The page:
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The Quiet Shift
Social Sharing to Content Consumption
Hey everyone, welcome back.
Do you ever get Facebook notifications that ask you to reflect on what you’ve posted? As I’m writing this post, here’s a selection of things I wrote many years ago on this date:
Reviewing these posts, they have gone strong for many years and dropped off about 2015. I see the same trend on my Instagram, although a few years delayed. Somewhere around 2017-2018, my quantity of posts drops way off, as if a switch was flipped. When I post now, it’s mostly a story that disappears in 24 hours. Roll back the clock fifteen years (in 2008), and you’ll find that I felt that everyone needed to know that I “[love] this Piarte (sic) English Language setting on Facebook.”
As I reflect on this trend in my life, I see it in others as well. Whatever the app, when I look at the profiles of people who’ve been using social media mainly since the get-go, for most users in my sphere, there was a time when we all posted a lot more than we do today, and then as if we call agreed it was not working out, we all stopped.
But it’s also not like people left the platforms. My wife and I welcomed a son into the world earlier this year, and we regularly share photos showing his progress as the months go by. As I’m out and about and run into people I’ve not seen in years, they all ask me, “is your son’s hair really that red?” They are seeing the photos we share; they are just not sharing back any of their own.
Again, I see what feels like the same trend play out. I get on Instagram and consume the content that others are making. I love seeing updates from far away friends, but the pool of people I can stay up-to-date with in this method gets smaller and smaller as people share less and less. While I don’t use Facebook nearly as much as I used to, I still find myself getting on Instagram, but now the content I’m mostly seeing isn’t from people I know; it’s from accounts that are making short-form videos that make me laugh, which are mostly made by “creators” and ripped out of their original context on TikTok.
When I go over to TikTok, the situation isn’t much different; I’m just seeing the meme videos a few days before they will be circulating on Instagram Reels. My friends' content (if there is any in there) never bubbles up to the surface of the algorithm; all I see is content from brands and creators.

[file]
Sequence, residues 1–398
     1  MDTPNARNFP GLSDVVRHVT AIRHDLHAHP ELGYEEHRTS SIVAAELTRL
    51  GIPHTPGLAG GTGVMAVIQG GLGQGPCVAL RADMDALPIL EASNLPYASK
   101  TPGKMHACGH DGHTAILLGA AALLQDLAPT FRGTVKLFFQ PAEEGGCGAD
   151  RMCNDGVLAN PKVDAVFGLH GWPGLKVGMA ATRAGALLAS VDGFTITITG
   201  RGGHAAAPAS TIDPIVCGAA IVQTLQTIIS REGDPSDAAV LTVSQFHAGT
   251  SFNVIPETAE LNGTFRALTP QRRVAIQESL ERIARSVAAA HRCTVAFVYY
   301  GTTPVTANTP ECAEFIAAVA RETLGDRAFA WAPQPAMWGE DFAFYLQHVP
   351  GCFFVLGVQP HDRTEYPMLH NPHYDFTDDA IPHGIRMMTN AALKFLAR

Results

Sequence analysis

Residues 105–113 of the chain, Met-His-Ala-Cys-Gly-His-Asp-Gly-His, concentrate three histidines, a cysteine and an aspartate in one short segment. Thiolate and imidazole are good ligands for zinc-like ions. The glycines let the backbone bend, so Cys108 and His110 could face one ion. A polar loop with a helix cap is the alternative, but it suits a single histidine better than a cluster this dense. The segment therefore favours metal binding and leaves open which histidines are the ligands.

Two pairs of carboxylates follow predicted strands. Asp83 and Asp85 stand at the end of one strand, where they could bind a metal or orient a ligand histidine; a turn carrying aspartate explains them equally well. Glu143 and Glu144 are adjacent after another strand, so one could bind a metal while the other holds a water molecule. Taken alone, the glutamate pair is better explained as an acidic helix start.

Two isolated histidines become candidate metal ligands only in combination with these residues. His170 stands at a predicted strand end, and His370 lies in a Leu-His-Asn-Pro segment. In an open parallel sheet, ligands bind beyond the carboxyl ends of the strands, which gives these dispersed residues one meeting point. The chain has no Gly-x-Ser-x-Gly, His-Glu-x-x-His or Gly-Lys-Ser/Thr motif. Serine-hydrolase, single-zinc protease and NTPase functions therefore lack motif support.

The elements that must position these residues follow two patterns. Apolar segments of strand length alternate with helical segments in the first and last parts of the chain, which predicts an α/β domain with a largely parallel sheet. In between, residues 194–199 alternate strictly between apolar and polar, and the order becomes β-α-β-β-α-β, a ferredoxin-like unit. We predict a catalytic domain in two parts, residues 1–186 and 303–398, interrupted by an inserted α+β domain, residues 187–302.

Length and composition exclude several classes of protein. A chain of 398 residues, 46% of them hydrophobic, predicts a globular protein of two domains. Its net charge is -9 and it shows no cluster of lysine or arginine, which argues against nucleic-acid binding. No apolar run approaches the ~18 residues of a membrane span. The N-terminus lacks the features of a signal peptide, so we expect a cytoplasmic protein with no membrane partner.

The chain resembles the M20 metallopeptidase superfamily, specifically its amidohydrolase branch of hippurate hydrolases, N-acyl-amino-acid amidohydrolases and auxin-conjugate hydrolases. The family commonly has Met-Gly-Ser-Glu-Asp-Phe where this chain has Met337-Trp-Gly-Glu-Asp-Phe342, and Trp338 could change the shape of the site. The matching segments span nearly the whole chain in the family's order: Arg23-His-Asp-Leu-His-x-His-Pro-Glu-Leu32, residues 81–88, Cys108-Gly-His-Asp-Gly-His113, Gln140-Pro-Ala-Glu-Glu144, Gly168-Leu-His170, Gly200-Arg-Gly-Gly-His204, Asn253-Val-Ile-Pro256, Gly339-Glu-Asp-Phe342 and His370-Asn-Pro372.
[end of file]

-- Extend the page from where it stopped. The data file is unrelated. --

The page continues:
This series of casual observations I’ve quietly been making in my head was snapped into focus when I caught a post from Kate Lindsey in Embedded. She notes,
No one really posts anymore, no one’s having fun, and it’s partly for this reason that no one seems excited about any of the newer apps and features, like Threads, that keep popping up despite everything.
“As more people have been confronted with the consequences of constant sharing, social media has become less social and more media—a constellation of entertainment platforms where users consume content but rarely, if ever, create their own,” a recent Insider piece explains. “Influencers, marketers, average users, and even social-media executives agree: Social media, as we once knew it, is dead.”1
This is a fascinating example of social media shaping us back. We’ve talked a lot before about how the tools we use shape us back; how the use of a car, for example, makes us people who are not as good at walking, or the use of a calculator makes us not as good at doing math in our heads. This isn’t to say a car or a calculator are wrong; we just have to recognize them as tradeoffs.
In the same way, the social media experience as it existed in the earlier days of social media was much more oriented towards getting us to share instead of simply consuming content. But today’s social media landscape is almost flipped around. TikTok does make it very easy to share videos; it’s even easier just to sit there lost in the time vortex as the feed brings you funny video after funny video. Lindsey writes,
Apps began prioritizing algorithms and discovery and ways of increasing views that de-emphasized direct connection, putting us all in the same place while somehow tearing us further apart.2
So it’s perhaps no accident that most of us stopped posting. The platforms themselves changed in a way that made it feel like our posts no longer mattered, deprioritizing direct human connection in favor of feeds that drew us in for hours on end.
This brings us to a point of reflection: how have the tools you’ve been using for so long shifted from under you, and are they still fulfilling the then purpose that made you start using them in the first place? Most of the time, I’m not a fan of change for its own sake, but there are times when we should overcome our status quo bias and realize it’s time to do something differently. As the tools we use change, the trade-off we make by using them is also ever-shifting.
With that, thanks for reading, and see you again soon.